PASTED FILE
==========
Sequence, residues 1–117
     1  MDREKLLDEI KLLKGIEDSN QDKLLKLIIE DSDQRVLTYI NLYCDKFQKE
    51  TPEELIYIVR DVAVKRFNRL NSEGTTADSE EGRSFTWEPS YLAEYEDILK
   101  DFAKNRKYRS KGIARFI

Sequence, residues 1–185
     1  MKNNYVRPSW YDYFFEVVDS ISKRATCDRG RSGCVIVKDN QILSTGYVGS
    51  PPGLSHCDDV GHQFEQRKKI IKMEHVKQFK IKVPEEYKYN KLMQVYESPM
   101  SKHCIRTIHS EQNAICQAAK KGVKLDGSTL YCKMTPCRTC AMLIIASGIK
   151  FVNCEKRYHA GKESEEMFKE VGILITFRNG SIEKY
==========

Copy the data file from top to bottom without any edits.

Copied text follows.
Sequence, residues 1–117
     1  MDREKLLDEI KLLKGIEDSN QDKLLKLIIE DSDQRVLTYI NLYCDKFQKE
    51  TPEELIYIVR DVAVKRFNRL NSEGTTADSE EGRSFTWEPS YLAEYEDILK
   101  DFAKNRKYRS KGIARFI

Sequence, residues 1–185
     1  MKNNYVRPSW YDYFFEVVDS ISKRATCDRG RSGCVIVKDN QILSTGYVGS
    51  PPGLSHCDDV GHQFEQRKKI IKMEHVKQFK IKVPEEYKYN KLMQVYESPM
   101  SKHCIRTIHS EQNAICQAAK KGVKLDGSTL YCKMTPCRTC AMLIIASGIK
   151  FVNCEKRYHA GKESEEMFKE VGILITFRNG SIEKY